• Autoboxing (and unboxing) of primitive types
  • Simple formatted I/O
  • printf capability, like that in C++
  • Enhanced scripting language support

The metadata feature represents a shift in how Java developers code, from imperative programming to declarative programming. The feature will enable programmers to define new attributes and annotate classes, methods, and fields. Java tools and libraries will then be able to use the annotations to alter the way the applications behave at install time or at run time.

The generics feature, long available in C++, has been in the works for years, according to Hamilton. Although designing generics was difficult, "using generics is quite straightforward," he said. This feature allows the creation of parameterized classes and methods, enabling Java developers to create custom variations of their code for different types. Developers, he said, typically know the specific types they are using, and generics allow them to declare the types at design time, rather than having to cast values from Object to the correct type at run time. In an example taken from JAX-RPC code, a seven-line snippet was reduced to four lines after applying generics.

Sun executives also discussed Java's intermediate feature releases. Bug fixes are a primary feature of both releases. The 1.4.1 release, which appeared in September 2002, added parallel and concurrent garbage collection. The 1.4.2 (due in June 2003) release will add new GUIs for Windows XP and GTK+ as well as performance enhancements for application startup and Java Swing.

Keeping WORA Alive
Although these language changes were a highlight of the technical keynote, Sun's overall focus rarely shifted away from consumer wireless technologies.

Perhaps the most exciting announcement to support developers of wireless consumer applications was JSR 185—Java Technology for the Wireless Industry (JTWI).

In the technical keynote, Sun Distinguished Engineer Tim Lindholm frequently called JTWI a "roadmap." More specifically, JTWI is a guideline for Java software vendors to adhere to certain specifications and standards in a preemptive strike against future transmogrification of Java. As the wireless industry continues to diffuse, both on the software and hardware sides, Java development is endangered by the need for a very high number of various implementations to satisfy the high number of platform variations deployed. This combination puts a huge burden on Java developers to modify their applications to run on specific combinations of hardware and software and to satisfy the huge number of third-party APIs being deployed with handsets.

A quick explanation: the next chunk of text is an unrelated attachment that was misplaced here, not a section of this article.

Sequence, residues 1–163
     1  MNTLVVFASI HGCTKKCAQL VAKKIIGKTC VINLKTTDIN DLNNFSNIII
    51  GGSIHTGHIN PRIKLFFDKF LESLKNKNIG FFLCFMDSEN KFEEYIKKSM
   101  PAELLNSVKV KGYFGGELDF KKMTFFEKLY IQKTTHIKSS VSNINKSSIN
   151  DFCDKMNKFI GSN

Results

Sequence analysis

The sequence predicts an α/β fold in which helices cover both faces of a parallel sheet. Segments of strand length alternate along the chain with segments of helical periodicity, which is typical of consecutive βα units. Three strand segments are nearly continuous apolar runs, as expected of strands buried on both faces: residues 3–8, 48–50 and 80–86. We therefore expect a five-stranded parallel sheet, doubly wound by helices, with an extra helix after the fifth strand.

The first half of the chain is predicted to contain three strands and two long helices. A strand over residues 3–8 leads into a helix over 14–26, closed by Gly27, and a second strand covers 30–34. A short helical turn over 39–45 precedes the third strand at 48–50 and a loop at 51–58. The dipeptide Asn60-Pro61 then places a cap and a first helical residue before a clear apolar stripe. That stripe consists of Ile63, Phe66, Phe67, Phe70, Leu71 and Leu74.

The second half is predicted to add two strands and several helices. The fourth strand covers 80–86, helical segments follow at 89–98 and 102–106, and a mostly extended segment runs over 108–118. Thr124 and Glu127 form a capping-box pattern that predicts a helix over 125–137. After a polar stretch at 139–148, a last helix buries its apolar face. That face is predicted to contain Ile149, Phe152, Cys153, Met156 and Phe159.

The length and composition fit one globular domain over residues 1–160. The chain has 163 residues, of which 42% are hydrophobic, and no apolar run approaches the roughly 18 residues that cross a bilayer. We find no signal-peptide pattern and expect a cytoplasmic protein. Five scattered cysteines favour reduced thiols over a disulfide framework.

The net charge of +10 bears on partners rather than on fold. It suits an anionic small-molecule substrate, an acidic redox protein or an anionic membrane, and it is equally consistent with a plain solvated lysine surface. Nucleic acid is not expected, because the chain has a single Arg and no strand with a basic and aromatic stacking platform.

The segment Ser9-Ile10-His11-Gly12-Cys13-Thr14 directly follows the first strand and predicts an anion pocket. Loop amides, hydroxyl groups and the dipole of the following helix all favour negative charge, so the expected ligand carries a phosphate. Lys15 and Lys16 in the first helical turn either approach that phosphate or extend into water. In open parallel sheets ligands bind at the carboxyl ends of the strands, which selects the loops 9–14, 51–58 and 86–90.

"APIs can be defined by vendors to take rapid advantage of new platform functionality," explained Lindholm. "APIs are also used to differentiate their platforms from other vendors' platforms. There can be differences in platform implementation that might be why the spec gives you a certain flexibility of implementation, but if you take advantage of that it can lead to failure of interoperability of the implementations."

JTWI, he says, will verify "what JSRs work together and how. And it creates a roadmap for the deployment of this core set of wireless technologies. In doing this the intent is to try to preempt vendor-specific APIs by giving vendors a better idea of where the platform is going. It will also improve compatibility and interoperability by getting vendors to agree on specific behaviors where standards allow behaviors to vary."

An initiative like the JTWI, if successful, is precisely the kind of first step that Java wireless development desperately needs. With dozens of vendors supporting thousands of handsets and more diversification on the way, the JTWI may help stem the tide of diversity in the wireless industry that threatens now to make a mockery of Java's Write Once, Run Anywhere mantra.

Version 1 of this "roadmap" is slated to address these specifications:

  • CLDC 1.0
  • MIDP 2.0
  • WMA 1.1
  • MMAPI 1.1